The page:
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Working hard to keep the theme park away
Hundreds of thousands of people visit Saltaire - founded by Sir Titus Salt and home to pictures by artist David Hockney - and the Bronte village of Haworth every year. The influx of tourists brings with it a boost for the local economies but what is being done to balance the interests of residents with those of tourism? Ian Lewis reports
RESIDENTS HAVE complained that attempts to promote the model village of Saltaire have ruined it for those who live there.
Angela Williamson, a residents' representative on the multi-agency Saltaire Project Group - set up last year to promote the village's interests - has said she believes villagers' interests are being ignored in favour of business.
Speaking after the T&A revealed Saltaire is to feature in two more TV programmes, she said tourists and the traffic they created caused problems with parking, pollution and noise.
She said she sometimes feels like a character in a TV series and with visitors often looking through her windows, privacy had been lost.
Other residents have complained of feeling they are "living in a goldfish bowl'' and of traffic problems - but others say tourism brings money into the area and does not cause too much disruption.
Eric Smith, 76, a former residents representative on the project group, has lived in the village most of his life.
He said: "Saltaire was built by a man who lived 100 years before his time and I think it should be promoted." Mr Smith said he believed the interests of residents and tourists were being balanced, adding: "I have no problem with the tourists whatsoever.''
Saltaire Project Group chairman, Councillor Phil Thornton, said although it was very important to the local economy, there was far more to the place than tourism.
He said Saltaire was a vibrant living village in its own right which had attracted big employers such as Pace Microtechnology at Salts Mill - rejuvenated by the late Jonathan Silver - Filtronic, Bradford Health Authority and Shipley College.
He said: "Businesses have recognised it's an exciting place to be and it's clearly got a large industrial base which we hope to maintain - we want to encourage businesses into the village because that can only improve the local economy and community."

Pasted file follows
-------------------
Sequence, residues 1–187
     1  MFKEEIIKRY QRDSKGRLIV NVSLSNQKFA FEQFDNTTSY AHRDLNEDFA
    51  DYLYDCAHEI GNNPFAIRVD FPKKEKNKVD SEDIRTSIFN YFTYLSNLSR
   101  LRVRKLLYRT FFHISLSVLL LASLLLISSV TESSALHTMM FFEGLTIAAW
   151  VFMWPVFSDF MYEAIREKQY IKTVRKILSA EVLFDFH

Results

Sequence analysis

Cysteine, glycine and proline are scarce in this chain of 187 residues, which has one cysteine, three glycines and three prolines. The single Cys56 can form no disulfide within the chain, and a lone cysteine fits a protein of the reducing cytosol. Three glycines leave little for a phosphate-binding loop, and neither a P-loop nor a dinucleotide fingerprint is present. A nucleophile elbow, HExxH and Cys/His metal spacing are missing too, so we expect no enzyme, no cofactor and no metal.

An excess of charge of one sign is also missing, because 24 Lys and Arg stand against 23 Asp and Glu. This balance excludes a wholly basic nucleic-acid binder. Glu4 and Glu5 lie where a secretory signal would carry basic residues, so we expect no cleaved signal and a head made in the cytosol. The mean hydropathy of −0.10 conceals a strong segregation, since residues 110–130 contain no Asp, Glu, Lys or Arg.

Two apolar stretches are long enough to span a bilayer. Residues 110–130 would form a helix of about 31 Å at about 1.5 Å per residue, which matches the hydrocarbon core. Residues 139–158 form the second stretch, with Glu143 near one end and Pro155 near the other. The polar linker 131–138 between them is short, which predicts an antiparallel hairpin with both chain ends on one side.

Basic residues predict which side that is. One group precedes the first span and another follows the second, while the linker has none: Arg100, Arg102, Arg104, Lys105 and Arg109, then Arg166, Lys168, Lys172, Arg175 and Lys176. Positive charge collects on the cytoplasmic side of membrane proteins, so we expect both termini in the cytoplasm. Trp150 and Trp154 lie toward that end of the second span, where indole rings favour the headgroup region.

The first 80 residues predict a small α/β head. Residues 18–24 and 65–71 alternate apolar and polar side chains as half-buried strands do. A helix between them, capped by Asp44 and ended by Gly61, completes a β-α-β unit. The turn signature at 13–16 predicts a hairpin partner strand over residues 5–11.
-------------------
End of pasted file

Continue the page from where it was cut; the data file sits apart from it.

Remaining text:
He admitted tourism inevitably had an effect on residents and admitted there were difficulties in balancing their interests with Saltaire's attraction as a tourist destination. But he added: "I don't see it as a difficulty we can't address. We recognise there are a variety of issues that need to be addressed and we're working on that as a team, taking a joint approach with representatives from different sectors."
Councillor Thornton said as well as campaigning to win Saltaire World Heritage status and working to move a statue of its founder Sir Titus Salt to the village, the team had responded to villagers' concerns about parking by backing permit-parking schemes, pay and display facilities in the two public car parks and a scheme to alleviate problems caused by coaches dropping off and picking up tourists.
A few miles away in Bronte Country a document has just been launched aimed at securing the future of Haworth - visited by an estimated million people a year - as a working village and stop it becoming a Bronte 'theme park'.
The Vision for Haworth report has been drawn up by Mike Hill, director of the Bronte Parsonage Museum; Graham Mitchell, chairman of the Keighley and Worth Valley Railway; Haworth Traders' Association secretary David Robertson-Brown; and Worth Valley Councillor Mike Young.
Mr Hill said: "Tourists have been coming to Haworth for 150 years, since before Charlotte died, and have an established right here.
"The tourism industry is a major employer but we don't want it to become a Bronte theme park and have got to balance the visitors' needs with those of the people who live and work here."
Converted for the new archive on 30 June 2000. Some images and formatting may have been lost in the conversion.